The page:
Graduate Student Grants for FY2011 Announced
GRIFFIN, Georgia– Organic intercropping, pollinator conservation, high tunnel production and impacts of climate change on fruit orchards are among the sustainable ag graduate student projects that the Southern Sustainable Agriculture Research & Education (SARE) program has funded for FY2011.
Southern SARE funded 11 research projects totaling $108,323.
Graduate Student Grants are one of seven grant opportunities supported by Southern SARE. They are designed for full-time Master’s and PhD students at accredited institutions in the Southern region who are studying sustainable agriculture. The grants fund $10,000 for up to three years and are offered annually.
Research projects funded this year include:
GS11-098 Dewatering Aquaculture Effluent for the Hydroponic Production of Pak Choi (Brassica rapa chinensis) and Production of Vegetable Seedlings, Auburn University, AL, $9,932, professor Jesse Chappell, 334-844-9209, firstname.lastname@example.org, and graduate student Jason Danaher, email@example.com.
GS11-099 Plant Mediated Effects on Parasitoid Efficacy in a Banker Plant System, North Carolina State University, NC, $9,930, professor Steven Frank, 919-515-8880, firstname.lastname@example.org, and graduate student Sara Prado, email@example.com.
GS11-100 Efficacy of Entomopathogenic Fungi in Controlling the Small Hive Beetle: a destructive and invasive pest of honeybee colonies, Florida A&M University, FL, $9,996, professor Lambert Kanga, 850-599-8725, firstname.lastname@example.org, and graduate student Saundra Wheeler, email@example.com.
GS11-101 Understanding Olfactory Cues in Host Location and Dispersal Range of the Filth Fly Parasitoid Spalangia cameroni (Hymenoptera: Pteromalidae) to Improve the Use as Sustainable Biological Control Agents for Fly Control on Livestock Operations, University of Florida, FL, $9,828, professor Norman Leppla, 352-392-1901, firstname.lastname@example.org, and graduate student Erika Machtinger, email@example.com.
GS11-102 Verticillium Wilt Management: Elucidating mechanisms of resistance and integration of sustainable alternatives in tomato production systems, North Carolina State University, NC, $9,970, professor Frank Louws, 919-515-6689, firstname.lastname@example.org, and graduate student Meagan Iott, email@example.com.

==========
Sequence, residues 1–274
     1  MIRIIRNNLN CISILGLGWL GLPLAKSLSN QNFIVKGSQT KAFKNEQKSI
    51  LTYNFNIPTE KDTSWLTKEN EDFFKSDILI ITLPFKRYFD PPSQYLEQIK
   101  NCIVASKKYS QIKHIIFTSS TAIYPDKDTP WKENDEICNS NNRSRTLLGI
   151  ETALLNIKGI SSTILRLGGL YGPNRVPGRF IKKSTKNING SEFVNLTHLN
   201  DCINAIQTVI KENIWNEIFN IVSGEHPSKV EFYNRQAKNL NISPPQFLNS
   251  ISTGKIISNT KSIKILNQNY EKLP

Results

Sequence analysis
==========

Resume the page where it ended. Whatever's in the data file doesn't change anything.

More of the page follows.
GS11-103 Effects of High Tunnels on Lettuce, Parsley and Ciliantro in the Deep South, Louisiana State University, LA, $10,000, professor Carol Motsenbocker, 225-578-1037, firstname.lastname@example.org, and graduate student Robert Williams, email@example.com.
GS11-104 Potential for Conservation Biological Control of Stink Bugs in North Carolina, North Carolina State University, NC, $9,735, professor David Orr, 919-515-4684, firstname.lastname@example.org, and graduate student Sriyanka Lahiri, email@example.com.
GS11-105 Strategies for Increasing Rhizoma Peanut Contribution to Productivity and Ecosystem Services of Low-Input Pasture Systems, University of Florida, FL, $9,978,professor Lynn Sollenberger, 352-273-3420, firstname.lastname@example.org, and graduate student Kimberly Cline, email@example.com.
GS11-106 Evaluationof the Utility of Adding Artificial Bumble Bee Nesting Sites to Increase Pollination Services in a Small Farm Environment, University of Arkansas, AR, $9,000, professor Allen Szalanski, 479-575-4342, firstname.lastname@example.org, and graduate student Amber Tripodi, email@example.com.
GS11-107 Managing Climate Change on Apple Orchards, University of North Texas, TX, $9,954, professor James Veteto, 940-369-7833, firstname.lastname@example.org, and graduate student Stephen Carlson, email@example.com
GS11-108 Evaluating Functional Diversity in an Organic Intercropping System, Texas A&M University, TX, $10,000, professor Astrid Volder, 979-845-9277, firstname.lastname@example.org, and graduate student Jose Franco, email@example.com.
Learn more about Southern SARE’s Graduate Student Grants. Calls for Proposals open in March and grant projects are announced in September.
Published by the Southern Region of the Sustainable Agriculture Research and Education (SARE) program. Funded by the USDA National Institute of Food and Agriculture (NIFA), Southern SARE operates under cooperative agreements with the University of Georgia, Fort Valley State University, and the Kerr Center for Sustainable Agriculture to offer competitive grants to advance sustainable agriculture in America's Southern region.